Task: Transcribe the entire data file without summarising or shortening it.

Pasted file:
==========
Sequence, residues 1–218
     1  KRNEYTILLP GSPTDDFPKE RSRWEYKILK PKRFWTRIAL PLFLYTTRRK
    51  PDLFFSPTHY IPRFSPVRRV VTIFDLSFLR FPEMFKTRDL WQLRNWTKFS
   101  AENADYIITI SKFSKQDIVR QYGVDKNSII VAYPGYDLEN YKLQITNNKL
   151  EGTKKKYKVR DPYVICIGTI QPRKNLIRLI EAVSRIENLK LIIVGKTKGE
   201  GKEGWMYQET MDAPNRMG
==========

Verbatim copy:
Sequence, residues 1–218
     1  KRNEYTILLP GSPTDDFPKE RSRWEYKILK PKRFWTRIAL PLFLYTTRRK
    51  PDLFFSPTHY IPRFSPVRRV VTIFDLSFLR FPEMFKTRDL WQLRNWTKFS
   101  AENADYIITI SKFSKQDIVR QYGVDKNSII VAYPGYDLEN YKLQITNNKL
   151  EGTKKKYKVR DPYVICIGTI QPRKNLIRLI EAVSRIENLK LIIVGKTKGE
   201  GKEGWMYQET MDAPNRMG